INDIANAPOLIS, Ind.– Mayor Hogsett’s office has begun seeking applicants for Round II of its Community-Based Violence Prevention Partnerships, which last year awarded $300,000 in grants to five organizations.
The money was intended to fund violence prevention programs reliant on community groups with specific neighborhood impacts.
One of those organizations was the Dr. Martin Luther King, Jr. Center in Butler-Tarkington, which partnered with Best Buy to build a media technology lab where youth are paid a stipend to learn skills and complete their General Equivalency Diploma (GED) studies.
“I’m trying to learn photography and photo editing,” said Royce Davis who dropped out of high school in the 11th grade. “We got a shirt press. We got beat making. We got photography. We got 3D printers. Computers.
“I got my forklift license here. I want to be able to drive heavy machinery. I want to get my GED, go to Ivy Tech or a junior college.”
At Community Action of Greater Indianapolis, recipients are taught life skills intended to curb the type of poor decision making that one ex-offender said landed him in prison.
“For one it’s changed my life, saved my life, and it’s doing the same thing for these people,” said Timothy Taylor, 27, and sitting at a table with two other participants several years younger. “These young men, myself included and my peers included, they need this safe haven and places like this and programs like this because a lot of them are hopeless.
“A lot of these young men feel like they have no direction and nowhere to go. They feel like they don’t have anybody to help them and really push them along to where they’re trying to go.”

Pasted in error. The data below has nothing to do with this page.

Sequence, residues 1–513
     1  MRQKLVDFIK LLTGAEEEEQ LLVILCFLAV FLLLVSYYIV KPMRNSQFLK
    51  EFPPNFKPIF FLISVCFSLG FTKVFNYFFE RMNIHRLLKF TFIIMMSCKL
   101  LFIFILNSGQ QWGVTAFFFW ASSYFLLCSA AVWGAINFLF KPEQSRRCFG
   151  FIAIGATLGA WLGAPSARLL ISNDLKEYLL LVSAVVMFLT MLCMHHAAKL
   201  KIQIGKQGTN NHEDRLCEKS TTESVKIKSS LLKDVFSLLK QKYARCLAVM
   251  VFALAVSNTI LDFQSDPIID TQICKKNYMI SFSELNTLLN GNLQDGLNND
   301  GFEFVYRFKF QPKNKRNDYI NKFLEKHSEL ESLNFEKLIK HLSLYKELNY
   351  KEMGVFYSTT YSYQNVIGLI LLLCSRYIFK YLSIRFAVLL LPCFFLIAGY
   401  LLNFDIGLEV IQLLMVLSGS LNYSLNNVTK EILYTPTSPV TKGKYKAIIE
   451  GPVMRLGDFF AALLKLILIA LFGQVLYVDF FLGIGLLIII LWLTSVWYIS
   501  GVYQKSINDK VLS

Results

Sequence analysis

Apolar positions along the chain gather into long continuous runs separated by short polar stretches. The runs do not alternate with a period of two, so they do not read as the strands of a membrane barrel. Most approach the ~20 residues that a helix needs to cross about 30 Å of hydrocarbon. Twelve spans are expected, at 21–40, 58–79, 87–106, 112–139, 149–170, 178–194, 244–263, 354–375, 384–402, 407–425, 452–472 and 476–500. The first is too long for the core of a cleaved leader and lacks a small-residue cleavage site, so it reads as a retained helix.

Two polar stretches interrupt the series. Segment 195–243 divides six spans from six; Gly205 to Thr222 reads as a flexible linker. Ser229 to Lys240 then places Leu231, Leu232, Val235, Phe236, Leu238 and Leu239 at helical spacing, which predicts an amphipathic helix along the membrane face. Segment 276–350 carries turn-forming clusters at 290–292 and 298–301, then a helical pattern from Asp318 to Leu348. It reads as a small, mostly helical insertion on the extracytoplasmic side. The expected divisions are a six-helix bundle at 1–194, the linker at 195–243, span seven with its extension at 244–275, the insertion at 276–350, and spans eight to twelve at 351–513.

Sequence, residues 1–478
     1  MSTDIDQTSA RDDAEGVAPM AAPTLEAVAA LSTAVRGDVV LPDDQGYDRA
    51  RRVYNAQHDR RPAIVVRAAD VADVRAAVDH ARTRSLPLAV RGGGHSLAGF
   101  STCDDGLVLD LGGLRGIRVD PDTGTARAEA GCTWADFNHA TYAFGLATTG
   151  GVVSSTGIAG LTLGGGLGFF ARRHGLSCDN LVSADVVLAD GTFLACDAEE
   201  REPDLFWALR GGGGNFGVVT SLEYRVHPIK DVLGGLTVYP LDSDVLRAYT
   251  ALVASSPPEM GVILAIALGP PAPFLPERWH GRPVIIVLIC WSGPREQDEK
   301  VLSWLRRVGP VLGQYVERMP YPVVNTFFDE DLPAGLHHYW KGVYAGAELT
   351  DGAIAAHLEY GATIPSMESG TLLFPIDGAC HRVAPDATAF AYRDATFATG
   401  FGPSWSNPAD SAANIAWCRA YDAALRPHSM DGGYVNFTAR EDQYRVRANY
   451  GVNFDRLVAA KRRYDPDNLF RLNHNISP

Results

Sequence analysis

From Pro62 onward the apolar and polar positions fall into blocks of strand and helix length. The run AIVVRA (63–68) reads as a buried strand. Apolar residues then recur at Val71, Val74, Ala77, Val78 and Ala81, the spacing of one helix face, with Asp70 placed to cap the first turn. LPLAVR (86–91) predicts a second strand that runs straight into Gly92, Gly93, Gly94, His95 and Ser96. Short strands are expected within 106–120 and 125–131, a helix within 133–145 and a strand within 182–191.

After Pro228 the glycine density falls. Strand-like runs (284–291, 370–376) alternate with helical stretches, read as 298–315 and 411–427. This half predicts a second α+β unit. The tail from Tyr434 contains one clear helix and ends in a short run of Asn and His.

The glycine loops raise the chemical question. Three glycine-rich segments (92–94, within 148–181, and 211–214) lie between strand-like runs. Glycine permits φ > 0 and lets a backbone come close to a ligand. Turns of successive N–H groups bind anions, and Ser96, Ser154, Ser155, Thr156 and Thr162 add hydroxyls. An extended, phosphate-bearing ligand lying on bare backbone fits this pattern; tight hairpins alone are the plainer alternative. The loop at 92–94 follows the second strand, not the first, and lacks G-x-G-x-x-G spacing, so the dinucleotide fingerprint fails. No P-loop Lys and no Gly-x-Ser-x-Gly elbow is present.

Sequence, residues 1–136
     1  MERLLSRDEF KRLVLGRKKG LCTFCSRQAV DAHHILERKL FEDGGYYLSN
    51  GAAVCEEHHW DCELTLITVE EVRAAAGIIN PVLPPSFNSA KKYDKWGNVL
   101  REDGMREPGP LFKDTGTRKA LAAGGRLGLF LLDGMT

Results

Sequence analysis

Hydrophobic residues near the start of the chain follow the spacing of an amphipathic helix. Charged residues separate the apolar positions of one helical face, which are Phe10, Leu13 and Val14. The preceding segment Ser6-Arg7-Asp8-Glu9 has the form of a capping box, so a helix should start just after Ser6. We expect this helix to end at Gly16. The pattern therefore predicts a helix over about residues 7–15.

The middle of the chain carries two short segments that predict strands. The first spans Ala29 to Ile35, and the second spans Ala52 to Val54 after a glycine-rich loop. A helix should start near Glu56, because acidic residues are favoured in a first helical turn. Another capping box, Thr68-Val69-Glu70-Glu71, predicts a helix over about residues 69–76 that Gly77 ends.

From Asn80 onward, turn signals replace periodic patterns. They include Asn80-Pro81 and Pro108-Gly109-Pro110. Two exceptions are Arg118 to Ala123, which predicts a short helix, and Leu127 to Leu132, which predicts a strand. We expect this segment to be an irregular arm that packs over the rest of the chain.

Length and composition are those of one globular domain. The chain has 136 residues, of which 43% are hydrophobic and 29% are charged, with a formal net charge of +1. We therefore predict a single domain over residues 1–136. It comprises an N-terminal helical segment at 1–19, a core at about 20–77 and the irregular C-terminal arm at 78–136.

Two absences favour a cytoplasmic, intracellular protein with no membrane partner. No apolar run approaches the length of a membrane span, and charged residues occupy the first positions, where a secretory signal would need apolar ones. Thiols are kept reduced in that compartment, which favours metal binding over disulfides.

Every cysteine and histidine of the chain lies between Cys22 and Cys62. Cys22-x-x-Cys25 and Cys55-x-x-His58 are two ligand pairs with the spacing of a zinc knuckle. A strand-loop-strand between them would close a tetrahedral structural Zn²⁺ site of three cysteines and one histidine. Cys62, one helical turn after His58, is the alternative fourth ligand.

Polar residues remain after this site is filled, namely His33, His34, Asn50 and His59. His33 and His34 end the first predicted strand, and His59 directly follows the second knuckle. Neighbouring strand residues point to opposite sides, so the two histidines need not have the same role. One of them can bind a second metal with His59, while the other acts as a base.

CAGI Program Coordinator Val Tate said she can tell the program is a success by asking of Taylor and other participants, “Are they re-offending? Are they going to class? What are they doing with their lives?”
Other 2018 grant participants said they used the city’s money to pay for funerals, food, utility bills and one-on-one counseling in some of Indianapolis’ toughest neighborhoods.
“There’s been a lot of other entities who have stepped up to say we’re here to help whether we got the grant or not because we care about our community,” said Shonna Majors, Director of Community Violence Reduction.
Majors said the mayor’s office is partnering with IUPUI to review quarterly reports by last year’s recipients to determine if the first $300,000 in grants played a role in reducing violent crime in the city.
The deadline to submit an application for the Round II grants program is May 17 with recipients to be announced in early June.